Lately, mixologists have been advancing a trend that favors the unadulterated flavor of a liquor over its peripheral ingredients. It’s called “spirit-forward,” and it’s redefining the way we experience cocktails. But what if our taste buds never developed an appreciation for distilled spirits? What if our souls still crave a good buzz and a yummy cocktail or two with friends. What if the kid in all of us wants to remember the joy of a cold, sweet drink while the adult in use wants booze? Luckily, San Diego still has something for that kid.
4612 Park Boulevard, University Heights
The first stop on our yellow brick road of tasty adventures is appropriately named The Slide, a specialty at Park & Rec, where games such as cornhole and ping-pong are set up on a vast patio. Revelry Cocktail Co. was aiming for something between a Mudslide and Wendy’s Frosty. The result is a frozen chocolaty dream of cacao-infused rum, coffee liqueur, cream, and chocolate malt dispensed into an old-fashioned milkshake glass. The rum isn’t as tucked in this one, but paired with in-house food cart Royale with Cheese’s excellent seasoned tater tots will take you back to those times dipping fries into a Wendy’s Frosty.
956 Broadway Circle, Downtown San Diego
In that same dessert-drink vein is Dobson’s Huevo masterminded by their 18-year-veteran bartender Alex Sanchez. His Huevos — the name is jokingly celebrated by his regulars — are based on the classic after-dinner coffee drinks, but birthed out of his customers’ desires for a smaller version of a pick-me-up after their heavy martini lunches. The presentation is beautiful — Liquor 43 and espresso layered between steamed and frothed milk, served in an egg-shaped port glass. It proved difficult not to gulp down what tasted like a high-end vanilla latte while sitting at the century-old mahogany bar.
695 Sixth Avenue, Downtown San Diego
On the way out of Dobson’s, Alex prepared me a shot he gives to the “younger crowd” where he shakes up Jack Daniels and Fireball with ice. With a taste of cinnamon in my mouth, and fire in my belly, I strutted a few blocks to Double Standard in search of more. They came through with Fire in the Hole. Whiskey spiced in-house with nutmeg and cinnamon is ice-shaken with falernum, firewater, bitters, and simple syrup, then poured into a fluted cordial glass, creating a frothy, bellini-colored potion. The spice punches in the throat but quickly gives way to a light cinnamon taste with no syrupy sweetness — like the true essence of a fireball candy.
3926 30th Street, North Park
The cinnamon path also led to Coin-Op Game Room. Despite being served among ’80s posters and video games of the same era, their house-spiced whiskey shot might be too boozy for the kid in us. Bohemian Revolt, however — composed of pear brandy, dry sherry, cardamom-clove liquor, honey, and lemon — is anything but. It was like drinking autumn; every sip was a new delight. Served over ice in an old-fashioned glass garnished with mint, the pear was present but not overbearing. All the flavors were present and melded perfectly.
I needed to quench a soda craving, so the boozy merry-go-round ride twirled over the border to urban gastrobar La Justina (Avenida Revolución, between 3rd & 4th Avenues, Centro, Tijuana). Their Snake Oil is also the only cocktail still on the menu that was developed with the cocktail consultation company of the same name. Served in a mason jar on a bar top lined with 10,000 pennies encased in resin, it’s a mix of cardamom-infused bourbon, Fernet Branca, and Mexican Coca-Cola served over ice, garnished with an all-important toasted marshmallow. Although the cola stands front and center, all the flavors — especially that marshmallow — complement each other without being too herbaceous from the Fernet or too sweet.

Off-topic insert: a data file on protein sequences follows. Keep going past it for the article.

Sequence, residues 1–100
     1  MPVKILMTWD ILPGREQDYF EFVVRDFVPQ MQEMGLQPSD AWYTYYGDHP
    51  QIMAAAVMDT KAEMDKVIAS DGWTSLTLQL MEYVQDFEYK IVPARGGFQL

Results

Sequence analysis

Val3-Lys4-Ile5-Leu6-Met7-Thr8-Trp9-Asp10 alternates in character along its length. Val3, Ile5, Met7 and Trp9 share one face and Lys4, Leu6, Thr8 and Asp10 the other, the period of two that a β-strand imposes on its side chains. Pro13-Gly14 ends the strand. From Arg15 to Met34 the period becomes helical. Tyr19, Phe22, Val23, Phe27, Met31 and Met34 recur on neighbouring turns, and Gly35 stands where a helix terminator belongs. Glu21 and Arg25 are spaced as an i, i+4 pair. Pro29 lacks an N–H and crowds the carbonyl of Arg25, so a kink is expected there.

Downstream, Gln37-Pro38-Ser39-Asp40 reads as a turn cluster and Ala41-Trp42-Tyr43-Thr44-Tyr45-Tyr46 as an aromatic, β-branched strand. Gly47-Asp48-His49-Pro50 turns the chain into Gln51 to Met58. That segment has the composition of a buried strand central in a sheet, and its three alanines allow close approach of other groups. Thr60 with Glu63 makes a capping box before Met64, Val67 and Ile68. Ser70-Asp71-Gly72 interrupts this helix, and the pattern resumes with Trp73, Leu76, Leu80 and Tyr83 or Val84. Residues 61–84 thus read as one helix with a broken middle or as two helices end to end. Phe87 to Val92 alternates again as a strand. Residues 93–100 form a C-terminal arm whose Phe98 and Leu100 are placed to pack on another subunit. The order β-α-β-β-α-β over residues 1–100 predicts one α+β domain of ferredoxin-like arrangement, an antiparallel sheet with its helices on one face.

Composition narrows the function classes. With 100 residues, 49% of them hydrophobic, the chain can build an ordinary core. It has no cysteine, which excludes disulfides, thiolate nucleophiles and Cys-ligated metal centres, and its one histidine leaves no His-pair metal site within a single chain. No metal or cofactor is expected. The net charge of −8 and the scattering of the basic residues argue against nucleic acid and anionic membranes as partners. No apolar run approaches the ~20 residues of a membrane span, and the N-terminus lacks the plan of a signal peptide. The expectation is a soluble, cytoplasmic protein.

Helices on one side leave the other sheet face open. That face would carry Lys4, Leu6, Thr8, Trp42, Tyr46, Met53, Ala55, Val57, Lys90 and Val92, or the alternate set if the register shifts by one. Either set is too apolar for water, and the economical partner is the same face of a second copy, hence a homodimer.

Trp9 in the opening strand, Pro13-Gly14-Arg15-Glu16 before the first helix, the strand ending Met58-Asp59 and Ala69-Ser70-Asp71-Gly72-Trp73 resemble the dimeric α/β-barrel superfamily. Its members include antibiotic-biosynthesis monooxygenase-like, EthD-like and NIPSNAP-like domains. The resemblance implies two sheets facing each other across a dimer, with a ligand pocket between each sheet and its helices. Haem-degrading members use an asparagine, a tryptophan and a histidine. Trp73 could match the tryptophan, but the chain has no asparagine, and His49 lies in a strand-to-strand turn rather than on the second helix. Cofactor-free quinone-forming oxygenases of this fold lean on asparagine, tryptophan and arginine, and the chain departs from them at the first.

El Remedio, found at namesake Los Remedios (Diego Rivera 2479, Zona Rio, Tijuana), is like day to Snake Oil’s night. It’s a light and clean concoction of tequila, apple soda, lime, and apple chunks served in a clay jar called a cazuela, based off the popular drink in Guadalajara. The cazuela is rimmed in chamoy and tajin, adding an optional salty, sour, spicy, and sweet depth to the cocktail at one’s choosing. The restaurant itself is a festive cantina where mariachis roam, lotería cards line the ceiling, and bullfighting posters festoon the walls.
At long last we reach the end of our play time with the Everlasting Gobstopper of them all: the clarified milk punch. For those not familiar, this idea of the milk punch dates back to at least the late 17th Century and takes a few days to prepare. In the most basic recipe, liquor, lemons, tea, and sugar hang out together for a few days. Hot milk is added, curdling begins, and the mixture is continuously filtered until clear.
1250 Prospect Street, La Jolla
The version at California Modern-George’s at the Cove (1250 Prospect Street, La Jolla) runs an infusion of white rum, Hamilton’s Jamaican black rum, black lime-infused rum, mezcal, brandy, Pernod, St. George Absinthe Verte, fresh pineapple, lemon peel, lemon juice, clove, star anise, cinnamon, and yerba mate tea through the milk clarification process. The result is a perfectly sweetened, citrusy, off-yellow elixir dubbed Modern Milk Punch, which has a silky-smooth mouth-feel and absolutely no hint of alcohol whatsoever.
2259 Avenida de La Playa, La Jolla
A simplified version of the clarified milk punch will soon be found at Galaxy Tacos. Cosmic Punch, consisting of rum, tequila, pineapple, baking spices, lemon juice, and bitters, will be clarified with coconut milk instead of cow’s milk for a texture that’s even more velvety and a taste more tropical. Served on the rocks with a lemon twist, just blocks from the beach, it’s exactly what our inner child desires.